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Additional Information
  • Kristin Woods
  • John Brown
  • Deep South Food Alliance
  • Alabama Department of Agriculture and Industries

Black Belt Marketing and
Innovation Center

The Tuskegee University Black Belt Marketing and Innovation Center (BBMIC) began as an endeavor to address the overarching need for both economic opportunities for agricultural producers and greater availability of fresh produce by developing a produce research facility, aggregation center, and processing incubator located in Selma, AL. The 18,000-square-foot BBMIC serves underserved farmers in the surrounding area by operating as a transformational research center, providing access to equipment for value-added processing, meeting space for training, and office space for Extension professionals. The facility is fully equipped with an inline washing conveyor, sorting tables, grading tables, vacuum packaging equipment, pea shellers, greens spinner, and cold storage. A refrigerated truck is dedicated to the movement of products to and from the facility. The BBMIC facility sits on 30 acres of land where high tunnels have recently been constructed for research and demonstration use. There are plans to expand the growing area to serve as an educational hub for the demonstration of organic practices, conservation practices, and climate-smart technologies for underserved producer communities. There is a tremendous opportunity to expand the BBMIC to become a major research, education, and Extension center in the Black Belt.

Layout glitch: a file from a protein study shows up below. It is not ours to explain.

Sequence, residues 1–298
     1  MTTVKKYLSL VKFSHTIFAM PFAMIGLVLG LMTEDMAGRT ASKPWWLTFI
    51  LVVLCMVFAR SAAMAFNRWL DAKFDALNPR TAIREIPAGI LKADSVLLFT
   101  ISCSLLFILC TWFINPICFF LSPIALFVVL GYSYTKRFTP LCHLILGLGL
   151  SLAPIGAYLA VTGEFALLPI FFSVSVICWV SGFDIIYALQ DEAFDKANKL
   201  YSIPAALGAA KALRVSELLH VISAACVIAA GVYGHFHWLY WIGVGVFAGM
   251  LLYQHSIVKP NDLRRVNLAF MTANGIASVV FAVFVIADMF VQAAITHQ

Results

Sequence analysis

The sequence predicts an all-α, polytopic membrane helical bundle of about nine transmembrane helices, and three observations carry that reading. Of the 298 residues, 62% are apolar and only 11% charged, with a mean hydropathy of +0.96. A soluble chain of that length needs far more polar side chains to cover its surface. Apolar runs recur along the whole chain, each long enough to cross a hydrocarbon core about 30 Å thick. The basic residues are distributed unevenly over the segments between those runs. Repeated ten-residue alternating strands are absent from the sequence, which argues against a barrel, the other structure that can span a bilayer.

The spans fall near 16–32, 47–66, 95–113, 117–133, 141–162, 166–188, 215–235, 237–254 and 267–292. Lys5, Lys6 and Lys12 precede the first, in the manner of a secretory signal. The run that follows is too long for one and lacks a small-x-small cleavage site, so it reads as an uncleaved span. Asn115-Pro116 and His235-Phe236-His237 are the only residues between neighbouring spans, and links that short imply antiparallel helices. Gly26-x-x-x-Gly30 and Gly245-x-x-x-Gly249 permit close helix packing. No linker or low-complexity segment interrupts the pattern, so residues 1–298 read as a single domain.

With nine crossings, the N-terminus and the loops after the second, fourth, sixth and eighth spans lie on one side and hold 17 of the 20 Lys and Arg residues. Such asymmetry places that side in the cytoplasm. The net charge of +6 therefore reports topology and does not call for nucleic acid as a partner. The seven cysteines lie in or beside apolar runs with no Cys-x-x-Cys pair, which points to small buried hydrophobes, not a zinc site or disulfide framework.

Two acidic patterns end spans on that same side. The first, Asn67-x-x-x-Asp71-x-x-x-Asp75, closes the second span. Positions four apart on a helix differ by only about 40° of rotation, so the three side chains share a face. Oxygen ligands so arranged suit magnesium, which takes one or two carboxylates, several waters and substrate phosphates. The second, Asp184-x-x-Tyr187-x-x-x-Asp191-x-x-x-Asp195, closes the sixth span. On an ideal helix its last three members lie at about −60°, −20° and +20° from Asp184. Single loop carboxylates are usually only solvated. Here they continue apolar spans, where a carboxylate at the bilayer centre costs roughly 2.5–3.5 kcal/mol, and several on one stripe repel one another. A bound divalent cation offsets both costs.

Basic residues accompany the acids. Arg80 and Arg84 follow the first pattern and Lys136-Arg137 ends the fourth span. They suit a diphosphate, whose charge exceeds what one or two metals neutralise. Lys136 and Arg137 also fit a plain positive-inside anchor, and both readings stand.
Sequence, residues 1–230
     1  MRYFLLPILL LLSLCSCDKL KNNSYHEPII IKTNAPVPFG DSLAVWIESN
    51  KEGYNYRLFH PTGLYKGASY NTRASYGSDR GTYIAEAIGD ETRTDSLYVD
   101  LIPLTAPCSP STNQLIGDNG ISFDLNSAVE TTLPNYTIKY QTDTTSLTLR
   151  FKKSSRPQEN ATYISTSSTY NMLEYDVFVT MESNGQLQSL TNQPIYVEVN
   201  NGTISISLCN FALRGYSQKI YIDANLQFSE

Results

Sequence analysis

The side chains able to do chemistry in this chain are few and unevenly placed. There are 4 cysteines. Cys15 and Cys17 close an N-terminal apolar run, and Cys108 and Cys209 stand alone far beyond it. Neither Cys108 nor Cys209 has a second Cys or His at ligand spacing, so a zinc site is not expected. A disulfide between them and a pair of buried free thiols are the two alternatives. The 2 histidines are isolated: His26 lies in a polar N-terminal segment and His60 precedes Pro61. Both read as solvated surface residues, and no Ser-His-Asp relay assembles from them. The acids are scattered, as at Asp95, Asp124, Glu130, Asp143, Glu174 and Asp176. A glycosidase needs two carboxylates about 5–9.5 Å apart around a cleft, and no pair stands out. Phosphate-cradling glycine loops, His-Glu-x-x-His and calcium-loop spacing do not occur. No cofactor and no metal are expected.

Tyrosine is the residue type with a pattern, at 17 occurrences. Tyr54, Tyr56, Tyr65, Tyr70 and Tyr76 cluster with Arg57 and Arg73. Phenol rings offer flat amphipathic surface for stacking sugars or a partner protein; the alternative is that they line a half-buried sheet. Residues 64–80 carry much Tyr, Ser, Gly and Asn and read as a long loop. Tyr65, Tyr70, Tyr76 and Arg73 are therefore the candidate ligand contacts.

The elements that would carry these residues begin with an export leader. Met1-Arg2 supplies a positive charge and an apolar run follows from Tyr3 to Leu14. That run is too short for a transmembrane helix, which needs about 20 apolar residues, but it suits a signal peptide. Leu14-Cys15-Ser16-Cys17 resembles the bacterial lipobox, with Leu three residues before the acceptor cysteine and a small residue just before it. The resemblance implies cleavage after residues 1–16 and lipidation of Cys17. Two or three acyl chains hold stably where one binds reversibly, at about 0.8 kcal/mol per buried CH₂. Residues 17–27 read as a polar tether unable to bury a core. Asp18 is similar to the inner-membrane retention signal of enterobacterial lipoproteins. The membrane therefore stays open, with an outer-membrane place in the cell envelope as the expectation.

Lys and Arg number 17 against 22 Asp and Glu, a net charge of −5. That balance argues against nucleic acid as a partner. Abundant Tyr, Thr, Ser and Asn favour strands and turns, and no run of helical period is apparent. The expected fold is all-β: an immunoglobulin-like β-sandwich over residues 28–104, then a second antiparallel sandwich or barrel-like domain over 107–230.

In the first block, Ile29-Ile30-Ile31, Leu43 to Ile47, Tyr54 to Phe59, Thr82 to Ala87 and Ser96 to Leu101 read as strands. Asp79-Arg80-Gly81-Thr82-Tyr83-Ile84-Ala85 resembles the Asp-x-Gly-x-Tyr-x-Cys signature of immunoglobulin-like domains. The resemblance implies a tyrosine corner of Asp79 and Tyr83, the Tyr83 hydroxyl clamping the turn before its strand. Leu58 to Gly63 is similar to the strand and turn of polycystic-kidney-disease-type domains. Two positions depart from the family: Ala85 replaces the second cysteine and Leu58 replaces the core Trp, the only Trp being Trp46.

In 2023, 12,240 pounds of produce were stored in the cooler from 8 different farms. Cooling produce improves farm economic sustainability by extending the shelf-life of saleable products and reducing waste. About 24,480 servings of collard greens, kale, peas, peppers, turnip greens, okra, and mustard greens fed Black Belt community members through eight market streams including one wholesale distributor, two food banks, three farmers markets, one church, and direct home delivery to the elderly. The refrigerated truck was an essential piece of equipment to distribute pallet quantities of produce. This BBMIC coupled with our other Black Belt Food Corridor initiatives increases farm economic opportunities, improves community access to fresh vegetables, and reduces food waste.

Black Belt Food Corridor
Mini-Grant Program

The Black Belt Food Corridor Mini-grant program was created to address the needs of Black Belt farmers, small food producers, community gardens, and school gardens. Applications will be accepted from Hale, Greene, Sumter, Marengo, Montgomery, Macon, Bullock, Wilcox, Barbour, Lowndes, Dallas, and Perry counties and activities must be relevant to at least one of the following:

  • Advancing economic opportunities for farmers
  • Increasing production
  • Improving land stewardship
  • Reducing food waste
  • Increasing food access

We appreciate the partnership of the Heart of Alabama Food Bank in helping to secure the funding for this pilot project through the Feeding America Equity Impact Fund.

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